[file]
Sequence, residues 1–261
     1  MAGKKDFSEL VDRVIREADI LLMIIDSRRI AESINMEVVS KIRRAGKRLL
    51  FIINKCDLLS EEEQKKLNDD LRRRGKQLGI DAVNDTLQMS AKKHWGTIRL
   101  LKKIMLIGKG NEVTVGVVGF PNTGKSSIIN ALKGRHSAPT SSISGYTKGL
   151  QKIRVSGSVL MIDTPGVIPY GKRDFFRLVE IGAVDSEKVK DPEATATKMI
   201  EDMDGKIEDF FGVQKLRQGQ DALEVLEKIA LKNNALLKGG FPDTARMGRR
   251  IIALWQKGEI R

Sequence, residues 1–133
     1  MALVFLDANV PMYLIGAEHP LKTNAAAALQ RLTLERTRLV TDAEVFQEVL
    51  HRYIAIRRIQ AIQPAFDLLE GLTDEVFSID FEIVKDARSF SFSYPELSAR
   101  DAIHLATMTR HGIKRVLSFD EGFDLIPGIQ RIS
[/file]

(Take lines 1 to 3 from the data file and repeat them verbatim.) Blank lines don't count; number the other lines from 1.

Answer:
Sequence, residues 1–261
     1  MAGKKDFSEL VDRVIREADI LLMIIDSRRI AESINMEVVS KIRRAGKRLL
    51  FIINKCDLLS EEEQKKLNDD LRRRGKQLGI DAVNDTLQMS AKKHWGTIRL